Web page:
Shishkin did mix it up from time to time, painting unusual compositions like The Tops of the Pines or Felled Birch.
(Tip: Make sure you do not get caught in your old ways. Paint something weird and unusual. Break the rules. Who knows... it might turn out well).
Here are some other personal favorites, starting with Pine Trees Illuminated by the Sun. A beautiful demonstration of color variance. Look at the way he painted the ground: greens, yellows, reds with varied brushwork. Effortless realism.
A View of the Beach is a relaxed painting, perhaps one of his studies. Simple, charming, and a strong composition. It is also interesting to see him venture outside of "detail" mode.
The unfinished work below provides insight into his painting process. If I had to guess, I would say he was methodical in his approach; painting one area to near completion then moving onto the next.
Rain in an Oak Forest—a moody painting. You can see Shishkin's propensity for detail in the background. No amount of mist and rain could stop him from rendering each tree.
The reason I selected this painting is the way he painted the grass, of all things. Subtle changes in color saturation, varied brushwork, and small patches of detail.
Here is a close-up to give you a better look:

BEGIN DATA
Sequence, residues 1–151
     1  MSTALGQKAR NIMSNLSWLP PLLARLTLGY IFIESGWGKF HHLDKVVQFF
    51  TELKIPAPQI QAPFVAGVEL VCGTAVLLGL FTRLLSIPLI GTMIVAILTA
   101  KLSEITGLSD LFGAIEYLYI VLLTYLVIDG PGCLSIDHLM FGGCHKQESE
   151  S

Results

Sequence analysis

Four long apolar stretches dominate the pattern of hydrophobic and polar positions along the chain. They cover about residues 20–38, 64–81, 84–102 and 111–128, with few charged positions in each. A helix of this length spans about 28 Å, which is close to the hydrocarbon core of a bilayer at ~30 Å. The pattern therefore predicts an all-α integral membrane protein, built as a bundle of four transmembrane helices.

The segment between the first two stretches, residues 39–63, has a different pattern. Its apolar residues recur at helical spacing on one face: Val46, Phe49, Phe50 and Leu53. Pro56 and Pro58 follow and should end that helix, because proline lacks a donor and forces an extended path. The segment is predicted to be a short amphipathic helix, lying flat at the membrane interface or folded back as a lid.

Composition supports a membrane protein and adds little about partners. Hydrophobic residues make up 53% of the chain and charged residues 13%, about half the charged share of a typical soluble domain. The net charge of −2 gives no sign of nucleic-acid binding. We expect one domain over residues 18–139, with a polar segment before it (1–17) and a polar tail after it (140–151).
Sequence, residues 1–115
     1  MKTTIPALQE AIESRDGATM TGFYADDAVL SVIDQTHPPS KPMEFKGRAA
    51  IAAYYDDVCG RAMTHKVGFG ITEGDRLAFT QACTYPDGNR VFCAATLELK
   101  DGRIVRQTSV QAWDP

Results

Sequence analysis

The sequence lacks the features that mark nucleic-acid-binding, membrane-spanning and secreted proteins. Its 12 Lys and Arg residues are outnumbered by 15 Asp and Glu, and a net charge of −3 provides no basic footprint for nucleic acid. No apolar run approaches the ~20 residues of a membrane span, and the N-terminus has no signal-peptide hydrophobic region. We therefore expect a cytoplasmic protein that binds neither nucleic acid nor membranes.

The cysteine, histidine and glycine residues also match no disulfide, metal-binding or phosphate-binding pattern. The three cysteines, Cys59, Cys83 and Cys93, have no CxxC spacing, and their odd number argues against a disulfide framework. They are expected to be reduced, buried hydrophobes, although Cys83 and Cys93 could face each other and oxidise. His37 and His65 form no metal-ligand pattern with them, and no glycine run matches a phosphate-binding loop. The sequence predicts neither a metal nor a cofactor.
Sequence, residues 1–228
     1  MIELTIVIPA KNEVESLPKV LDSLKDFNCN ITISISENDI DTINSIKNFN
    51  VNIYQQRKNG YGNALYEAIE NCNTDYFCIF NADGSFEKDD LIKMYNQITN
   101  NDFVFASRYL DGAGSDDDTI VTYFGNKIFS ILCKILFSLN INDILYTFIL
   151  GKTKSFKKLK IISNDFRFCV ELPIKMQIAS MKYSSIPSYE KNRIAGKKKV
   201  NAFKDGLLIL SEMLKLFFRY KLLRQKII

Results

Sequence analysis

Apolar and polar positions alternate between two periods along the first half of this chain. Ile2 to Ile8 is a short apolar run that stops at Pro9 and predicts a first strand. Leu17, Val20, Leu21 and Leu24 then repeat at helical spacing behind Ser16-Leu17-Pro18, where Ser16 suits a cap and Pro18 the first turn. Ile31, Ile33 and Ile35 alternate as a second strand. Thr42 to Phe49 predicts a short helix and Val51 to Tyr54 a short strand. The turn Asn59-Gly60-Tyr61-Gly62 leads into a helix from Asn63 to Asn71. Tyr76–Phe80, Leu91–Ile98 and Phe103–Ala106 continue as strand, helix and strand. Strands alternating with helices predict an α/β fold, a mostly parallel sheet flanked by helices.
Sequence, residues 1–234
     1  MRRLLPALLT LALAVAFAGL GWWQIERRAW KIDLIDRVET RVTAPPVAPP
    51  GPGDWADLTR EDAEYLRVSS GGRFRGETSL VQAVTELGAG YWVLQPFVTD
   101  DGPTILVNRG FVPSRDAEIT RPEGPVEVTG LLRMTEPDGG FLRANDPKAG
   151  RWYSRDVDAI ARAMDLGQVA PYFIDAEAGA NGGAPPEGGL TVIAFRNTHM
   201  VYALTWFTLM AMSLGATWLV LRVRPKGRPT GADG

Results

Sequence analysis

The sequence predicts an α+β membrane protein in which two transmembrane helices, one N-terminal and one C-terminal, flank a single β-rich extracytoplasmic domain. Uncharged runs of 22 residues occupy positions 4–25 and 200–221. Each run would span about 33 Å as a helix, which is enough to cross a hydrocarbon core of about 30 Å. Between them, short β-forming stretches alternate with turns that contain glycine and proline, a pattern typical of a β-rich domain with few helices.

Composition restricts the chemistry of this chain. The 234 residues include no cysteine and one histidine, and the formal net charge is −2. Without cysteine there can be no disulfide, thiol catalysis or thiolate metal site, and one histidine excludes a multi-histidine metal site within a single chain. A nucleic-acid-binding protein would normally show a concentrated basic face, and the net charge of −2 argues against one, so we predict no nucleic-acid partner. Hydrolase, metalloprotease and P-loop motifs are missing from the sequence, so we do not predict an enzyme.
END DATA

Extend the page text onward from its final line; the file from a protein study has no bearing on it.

The Rocky Landscape demonstrates how to capture depth and atmosphere. Notice the reduction in color and detail as things recede into the distance.
Teutoburg Forest—perhaps my favorite. Vivid orange and yellow highlights, a glaring background, and deep shadows. Beautiful.
Here is one of Shishkin's early works and a rare step outside of landscape painting.
Pine on the Sand—a simple but strong composition with interesting colors, particularly the turquoise sky.
The grayscale below reveals a powerful 2-value design.
Finally, a stunning example of realistic clouds. Notice the subtle color changes and edge variance.
- Find something you enjoy doing and pursue it with vigor, as Shishkin did with landscape painting.
- Listen to the opinions of others, but do not let them dictate you. Shishkin's parents were initially dismissive of his artistic dreams and his teachers urged him to paint something other than the landscape. What a loss it would have been had he listened.
- Great drawing is the foundation of great painting.
- There is no substitute for rigorous practice.
- Shishkin had a deep appreciation for nature, and it shows through his work.
- There is more to art than creating pretty drawings and paintings. I have no doubt art helped Shishkin endure the many tragedies he faced.
Additional Readings and Sources
Thanks for Reading!
Thanks for taking the time to read this post. I appreciate it! Feel free to share with friends.
Want to learn more about landscape painting? Check out my Landscape Painting Masterclass.